How to Handle Adult Eating Disorders

© iStockphoto/Thinkstock“Scary skinny” isn’t just for teenagers any more. Grown-up women can succumb to dangerously disturbed eating, too. We hope

Disordered Eating© iStockphoto/Thinkstock“Scary skinny” isn’t just for teenagers any more. Grown-up women can succumb to dangerously disturbed eating, too. We hope you’re not in that number! But if you suspect (or know!) that you are, please ask for help. Sufferers who get well have very low relapse rates. And no, you won’t be shuttled off to a ward for force feeding. That is sometimes necessary for kids, but not for women of a certain age. Treatment and recovery is slow and steady – and you won’t end up fat! In fact, your weight is very likely to stabilize in a healthy range for the first time in a long time. Now have a look at these fascinating factoids about eating disorders:

Any woman can fall victim to the “athletic triad.”

Most often observed in elite athletes and dancers, the triple whammy of eating disorders, amenorrhea, and osteoporosis can strike any woman who becomes an exercise junkie and perpetual dieter. Having your periods stop even before you hit menopause may sound appealing but it’s a bad situation for your endocrine system. Worse yet, bones already thinning somewhat with age can become even more brittle and breakable. Yes, the cultural ideal of being fit and thin puts a lot of pressure on women but don’t let it drive you to habits that can wreak havoc with your health.

Mid-life downers may bring on disordered eating.

A fractious divorce and the subsequent loneliness . . . a job loss and financial problems . . . the shock of an empty nest . . .the shock of a nest suddenly full again with returning “adultescents” . . . caring for elderly parents . . .losing your parents . . . menopause miseries. The litany goes on and on. Some women begin to feel totally out of control and they react by obsessively trying to control their weight. Ironically, as they shed pounds they are almost certain to start getting compliments. That’s exactly the self-esteem boost they’re craving so they stay on the weight loss regimen in order to garner even more praise. Unfortunately, this behavior can spiral into serious eating disorders if it’s not checked right away.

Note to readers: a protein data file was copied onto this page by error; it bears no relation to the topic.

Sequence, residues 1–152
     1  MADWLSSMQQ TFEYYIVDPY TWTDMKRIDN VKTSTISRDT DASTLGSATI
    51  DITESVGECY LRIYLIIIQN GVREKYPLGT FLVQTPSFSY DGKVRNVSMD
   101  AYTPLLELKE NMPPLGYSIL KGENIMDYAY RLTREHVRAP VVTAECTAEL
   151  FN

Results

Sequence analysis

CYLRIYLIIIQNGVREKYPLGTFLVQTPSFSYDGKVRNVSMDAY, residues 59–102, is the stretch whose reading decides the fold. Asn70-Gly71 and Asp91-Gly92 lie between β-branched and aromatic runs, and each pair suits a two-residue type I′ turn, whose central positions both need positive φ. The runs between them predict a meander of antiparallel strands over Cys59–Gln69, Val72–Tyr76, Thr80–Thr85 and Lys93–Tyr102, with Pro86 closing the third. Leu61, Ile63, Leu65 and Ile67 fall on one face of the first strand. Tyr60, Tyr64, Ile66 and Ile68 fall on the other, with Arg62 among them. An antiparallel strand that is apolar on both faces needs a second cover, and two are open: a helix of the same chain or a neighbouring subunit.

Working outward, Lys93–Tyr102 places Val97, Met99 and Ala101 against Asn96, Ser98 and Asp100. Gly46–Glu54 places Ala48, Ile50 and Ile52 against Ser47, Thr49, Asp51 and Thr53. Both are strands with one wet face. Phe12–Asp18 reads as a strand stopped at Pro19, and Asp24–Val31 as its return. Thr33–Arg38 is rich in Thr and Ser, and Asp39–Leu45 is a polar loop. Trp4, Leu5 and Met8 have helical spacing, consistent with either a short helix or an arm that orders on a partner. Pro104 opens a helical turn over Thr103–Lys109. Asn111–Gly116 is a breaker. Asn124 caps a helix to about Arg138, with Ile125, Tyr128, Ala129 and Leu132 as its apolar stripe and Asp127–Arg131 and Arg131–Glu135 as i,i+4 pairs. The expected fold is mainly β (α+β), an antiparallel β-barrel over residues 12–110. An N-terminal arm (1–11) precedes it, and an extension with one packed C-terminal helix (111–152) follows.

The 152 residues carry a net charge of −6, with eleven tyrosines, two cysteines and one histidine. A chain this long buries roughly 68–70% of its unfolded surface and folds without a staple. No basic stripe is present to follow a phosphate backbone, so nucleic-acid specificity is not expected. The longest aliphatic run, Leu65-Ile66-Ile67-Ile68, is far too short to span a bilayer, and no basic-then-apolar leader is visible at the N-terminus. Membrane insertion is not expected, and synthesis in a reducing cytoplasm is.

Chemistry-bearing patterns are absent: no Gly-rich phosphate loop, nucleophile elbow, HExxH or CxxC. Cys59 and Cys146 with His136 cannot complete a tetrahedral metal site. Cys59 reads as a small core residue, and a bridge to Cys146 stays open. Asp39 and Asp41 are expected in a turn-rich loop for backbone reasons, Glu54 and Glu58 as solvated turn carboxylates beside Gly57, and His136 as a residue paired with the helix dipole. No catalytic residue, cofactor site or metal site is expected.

Women are ten times more likely than men to have eating disorders.

Nobody knows for sure why this is so but some experts blame estrogen – or the relative lack thereof after menopause. Other people point to the double standard for women and men when it comes to looks. A guy can still get away with being called “distinguished” when he’s gray at the temples and sports a paunch but society judges older women much more harshly. Both a competitive job market and a search for love at a certain age may prompt risky weight loss tactics for boomer women.

Eating disorders become a vicious cycle.

Changes over time in the neuroendocrine system from disordered eating result in a self-perpetuating cycle that keeps sufferers in its grip. Many women report not ever feeling hungry even though they have become practically skeletal. What’s more, they “feel fat” although the mirror should belie that.

Eating disorders may run in families.

Was your mother or your aunt or your grandmother prone to eating disorders? Then you are probably at a higher risk than normal. Research suggests that faulty estrogen receptors could be the culprits. However, you can outsmart your genes with healthy habits — and professional help if necessary.

Anorexia is less common than bulimia but has the highest mortality rate.

Anorectics get frighteningly thin simply by eating as little as possible whereas bulimics typically binge and purge and don’t always lose a great deal of weight. That’s why anorectics are the ones who can fall victim to bradycardia, an unusually low heart rate that can lead to death. Most anorectics are diagnosed when they are a shocking 15% below normal weight.

Bulimia is likely to bring on heart problems.

Along with such issues as esophagus burns from forced vomiting, tooth decay, and dehydration, bulimics may develop an electrolyte imbalance that poses a threat to a healthy heart. Also, bulimia is the disorder most likely to develop during the 30s or later.

Eating disorder not otherwise specified: the EDNOS syndrome.

Along with the more widely known problems of anorexia and bulimia, EDNOS is now recognized as a bona fide category of eating disorders. Symptoms and behavior can include on-again-off-again gluttony with starvation or fasting in between, extreme exercise followed by secret food binges, getting up to eat vast amounts in the middle of the night, chewing and spitting out food instead of swallowing it, and even “picky eating” that involves sticking to only one or two food items and refusing everything else. EDNOS can be hard to detect because many people with the disorder remain at a normal weight or are even somewhat overweight.

Again, if you think you may have an eating disorder, get treatment without delay. Your body – and ultimately your heart and soul – will thank you!

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Originally Published in Reader's Digest